Thames & Severn Way

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Notes on the History and Renovation of the Cotswold Canals.

In the late 18th century two canals were built which led to a connection between two of England's most significant rivers, the Thames and the Severn. The area around Stroud, in the South Cotswolds, has a history stretching back to the Middle Ages as an important area for the production of woollen cloth. Transport to, through and from this area was difficult, due to the hilly terrain, punctuated by narrow steep sided river valleys. The Stroudwater (1779) and the Thames Severn Canals (1789) dramatically changed the situation, leading to a boom in the cloth making and processing business in the area of the five valleys, at the heart of which lies Stroud. Construction was relatively rapid, even by modern standards, and included digging what was then the longest tunnel in the world, the two-mile Sapperton Canal Tunnel. The ability to bring in coal easily via canal led to rapid industrialisation of the area and the canals allowed convenient transport to Bristol, via the Severn, and to London via the Thames.

The railway link between Gloucester and Swindon was built through the Frome valley in 1845. In many parts of the UK, trains rapidly killed off the canals but the Stroud waterways remained in service until the beginning of the twentieth century. In the subsequent decades they fell into disuse and a plan emerged in mid century to fill them in. However the Stroud valley communities, long renowned for protest and campaigning, gradually built up a head of steam to try to preserve and then to reopen these two waterways for full navigation. The very ambitious process is ongoing but by 2018 large stretches are fully restored. The towpath between Framilode and Sapperton is complete, although some canal stretches are reed covered and many locks are yet to be reopened. (The Sapperton tunnel remains closed though there are plans to reopen it in future).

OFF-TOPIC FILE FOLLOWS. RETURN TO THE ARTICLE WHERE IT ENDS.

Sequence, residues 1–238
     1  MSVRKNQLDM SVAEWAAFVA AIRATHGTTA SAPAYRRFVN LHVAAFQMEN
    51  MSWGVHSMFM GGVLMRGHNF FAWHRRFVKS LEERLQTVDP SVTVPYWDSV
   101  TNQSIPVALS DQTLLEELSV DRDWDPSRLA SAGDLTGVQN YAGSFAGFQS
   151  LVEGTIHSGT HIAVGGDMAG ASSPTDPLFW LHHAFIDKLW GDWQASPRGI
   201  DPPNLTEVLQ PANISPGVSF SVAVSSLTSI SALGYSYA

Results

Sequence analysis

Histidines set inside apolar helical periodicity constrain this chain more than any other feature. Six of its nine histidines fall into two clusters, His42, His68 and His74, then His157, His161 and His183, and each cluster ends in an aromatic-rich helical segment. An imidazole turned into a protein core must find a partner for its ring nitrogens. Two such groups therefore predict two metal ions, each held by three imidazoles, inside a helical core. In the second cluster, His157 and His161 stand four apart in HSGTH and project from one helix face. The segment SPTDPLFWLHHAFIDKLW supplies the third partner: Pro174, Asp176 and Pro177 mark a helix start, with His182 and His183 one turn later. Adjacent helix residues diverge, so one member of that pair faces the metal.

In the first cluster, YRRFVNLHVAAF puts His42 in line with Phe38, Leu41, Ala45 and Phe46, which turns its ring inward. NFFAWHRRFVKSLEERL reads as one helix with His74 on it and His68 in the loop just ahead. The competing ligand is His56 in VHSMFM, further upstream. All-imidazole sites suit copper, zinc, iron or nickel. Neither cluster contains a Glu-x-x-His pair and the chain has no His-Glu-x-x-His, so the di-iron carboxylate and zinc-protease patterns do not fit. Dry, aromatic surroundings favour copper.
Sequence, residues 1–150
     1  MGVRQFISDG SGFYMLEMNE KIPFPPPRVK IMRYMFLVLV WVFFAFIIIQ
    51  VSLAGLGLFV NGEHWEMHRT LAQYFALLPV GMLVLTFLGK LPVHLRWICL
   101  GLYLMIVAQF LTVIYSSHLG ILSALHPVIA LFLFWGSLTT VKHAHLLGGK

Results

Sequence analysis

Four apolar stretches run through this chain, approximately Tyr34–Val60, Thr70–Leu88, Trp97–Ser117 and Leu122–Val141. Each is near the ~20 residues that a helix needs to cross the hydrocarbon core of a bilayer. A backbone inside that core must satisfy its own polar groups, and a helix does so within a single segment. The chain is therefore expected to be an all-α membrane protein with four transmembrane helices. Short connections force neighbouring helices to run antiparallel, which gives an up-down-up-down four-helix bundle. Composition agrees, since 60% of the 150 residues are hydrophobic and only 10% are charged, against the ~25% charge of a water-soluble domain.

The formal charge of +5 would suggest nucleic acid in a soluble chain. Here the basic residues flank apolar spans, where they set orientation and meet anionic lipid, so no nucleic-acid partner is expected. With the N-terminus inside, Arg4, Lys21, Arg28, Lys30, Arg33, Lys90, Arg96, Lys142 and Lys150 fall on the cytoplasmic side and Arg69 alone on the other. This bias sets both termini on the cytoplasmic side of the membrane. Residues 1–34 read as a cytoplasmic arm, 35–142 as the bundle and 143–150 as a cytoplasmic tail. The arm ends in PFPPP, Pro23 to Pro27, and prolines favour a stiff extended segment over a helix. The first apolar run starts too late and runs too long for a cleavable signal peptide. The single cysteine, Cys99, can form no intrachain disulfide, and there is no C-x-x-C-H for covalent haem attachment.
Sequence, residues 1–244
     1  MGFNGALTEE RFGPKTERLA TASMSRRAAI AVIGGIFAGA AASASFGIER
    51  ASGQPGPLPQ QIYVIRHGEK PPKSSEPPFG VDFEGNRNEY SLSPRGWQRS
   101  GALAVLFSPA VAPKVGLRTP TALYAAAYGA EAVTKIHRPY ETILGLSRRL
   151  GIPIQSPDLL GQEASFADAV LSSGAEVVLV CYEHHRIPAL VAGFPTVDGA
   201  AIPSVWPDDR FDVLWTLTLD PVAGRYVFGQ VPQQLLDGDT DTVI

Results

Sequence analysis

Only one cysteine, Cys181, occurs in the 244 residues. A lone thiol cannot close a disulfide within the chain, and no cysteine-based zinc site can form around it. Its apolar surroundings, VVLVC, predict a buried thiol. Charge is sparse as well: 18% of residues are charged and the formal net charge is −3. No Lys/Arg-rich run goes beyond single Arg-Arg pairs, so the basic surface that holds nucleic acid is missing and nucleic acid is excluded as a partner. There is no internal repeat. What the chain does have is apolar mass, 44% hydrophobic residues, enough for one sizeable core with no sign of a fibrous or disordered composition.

Our Canal Walks

From a walker's viewpoint the canal provides excellent routes through the steeply wooded rural surroundings of the Frome valley, full of peaceful undisturbed nature but punctuated by small towns, dominated by their honey-coloured Cotswold-stone mills, and stuffed full of fascinating history, a good supply of pubs, cafes and other amenities, and a reasonable number of bus and train routes.

We began to walk along the canal in 2017, intending to link our Thames Path trek which finished at Thames Head, to our South West Coast Path at Minehead. This project is far from finished but the links below connect to the sections of the canal we have completed so far, with Ordnance Survey maps of the routes and full descriptions of where we went and what we saw.

Here are our Cotswold Canal walks:-

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Disclaimer: The author of these pages takes no responsibility for the accuracy of the directions given in the guided walks described here. Any walker following these directions does so entirely at their own risk.